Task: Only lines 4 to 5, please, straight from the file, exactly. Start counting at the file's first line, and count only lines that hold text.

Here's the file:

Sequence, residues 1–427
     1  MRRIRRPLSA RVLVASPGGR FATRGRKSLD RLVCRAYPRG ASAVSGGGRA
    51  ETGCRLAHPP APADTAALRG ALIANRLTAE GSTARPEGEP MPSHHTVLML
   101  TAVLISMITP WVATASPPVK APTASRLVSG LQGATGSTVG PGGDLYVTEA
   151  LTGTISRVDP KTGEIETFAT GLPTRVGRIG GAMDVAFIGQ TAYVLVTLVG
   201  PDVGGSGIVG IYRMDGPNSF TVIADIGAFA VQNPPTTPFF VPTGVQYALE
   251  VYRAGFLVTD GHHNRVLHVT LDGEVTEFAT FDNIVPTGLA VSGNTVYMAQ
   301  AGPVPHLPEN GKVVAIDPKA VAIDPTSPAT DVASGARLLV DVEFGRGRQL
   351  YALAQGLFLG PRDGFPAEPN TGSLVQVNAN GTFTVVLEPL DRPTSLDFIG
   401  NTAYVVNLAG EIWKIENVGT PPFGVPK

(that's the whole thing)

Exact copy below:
   101  TAVLISMITP WVATASPPVK APTASRLVSG LQGATGSTVG PGGDLYVTEA
   151  LTGTISRVDP KTGEIETFAT GLPTRVGRIG GAMDVAFIGQ TAYVLVTLVG